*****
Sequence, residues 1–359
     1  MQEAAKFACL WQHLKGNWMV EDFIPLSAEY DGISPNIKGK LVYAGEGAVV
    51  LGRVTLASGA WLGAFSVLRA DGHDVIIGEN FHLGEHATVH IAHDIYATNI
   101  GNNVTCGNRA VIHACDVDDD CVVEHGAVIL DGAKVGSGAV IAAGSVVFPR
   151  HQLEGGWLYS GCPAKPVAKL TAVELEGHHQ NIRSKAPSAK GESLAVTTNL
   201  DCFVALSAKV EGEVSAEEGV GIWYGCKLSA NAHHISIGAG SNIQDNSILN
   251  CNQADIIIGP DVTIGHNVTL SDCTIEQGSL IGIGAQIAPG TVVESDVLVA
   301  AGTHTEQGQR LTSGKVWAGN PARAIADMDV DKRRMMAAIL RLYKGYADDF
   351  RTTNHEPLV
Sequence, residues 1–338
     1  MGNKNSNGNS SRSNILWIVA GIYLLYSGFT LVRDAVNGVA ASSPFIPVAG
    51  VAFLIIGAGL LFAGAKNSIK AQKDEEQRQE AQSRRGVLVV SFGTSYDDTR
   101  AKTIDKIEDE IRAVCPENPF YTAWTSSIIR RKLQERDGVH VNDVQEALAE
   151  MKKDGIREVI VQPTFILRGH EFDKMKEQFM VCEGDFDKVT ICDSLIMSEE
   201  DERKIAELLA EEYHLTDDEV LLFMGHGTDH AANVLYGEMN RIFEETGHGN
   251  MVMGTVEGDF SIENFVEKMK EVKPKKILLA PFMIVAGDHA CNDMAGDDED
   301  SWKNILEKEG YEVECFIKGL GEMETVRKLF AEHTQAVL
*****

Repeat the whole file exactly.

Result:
Sequence, residues 1–359
     1  MQEAAKFACL WQHLKGNWMV EDFIPLSAEY DGISPNIKGK LVYAGEGAVV
    51  LGRVTLASGA WLGAFSVLRA DGHDVIIGEN FHLGEHATVH IAHDIYATNI
   101  GNNVTCGNRA VIHACDVDDD CVVEHGAVIL DGAKVGSGAV IAAGSVVFPR
   151  HQLEGGWLYS GCPAKPVAKL TAVELEGHHQ NIRSKAPSAK GESLAVTTNL
   201  DCFVALSAKV EGEVSAEEGV GIWYGCKLSA NAHHISIGAG SNIQDNSILN
   251  CNQADIIIGP DVTIGHNVTL SDCTIEQGSL IGIGAQIAPG TVVESDVLVA
   301  AGTHTEQGQR LTSGKVWAGN PARAIADMDV DKRRMMAAIL RLYKGYADDF
   351  RTTNHEPLV
Sequence, residues 1–338
     1  MGNKNSNGNS SRSNILWIVA GIYLLYSGFT LVRDAVNGVA ASSPFIPVAG
    51  VAFLIIGAGL LFAGAKNSIK AQKDEEQRQE AQSRRGVLVV SFGTSYDDTR
   101  AKTIDKIEDE IRAVCPENPF YTAWTSSIIR RKLQERDGVH VNDVQEALAE
   151  MKKDGIREVI VQPTFILRGH EFDKMKEQFM VCEGDFDKVT ICDSLIMSEE
   201  DERKIAELLA EEYHLTDDEV LLFMGHGTDH AANVLYGEMN RIFEETGHGN
   251  MVMGTVEGDF SIENFVEKMK EVKPKKILLA PFMIVAGDHA CNDMAGDDED
   301  SWKNILEKEG YEVECFIKGL GEMETVRKLF AEHTQAVL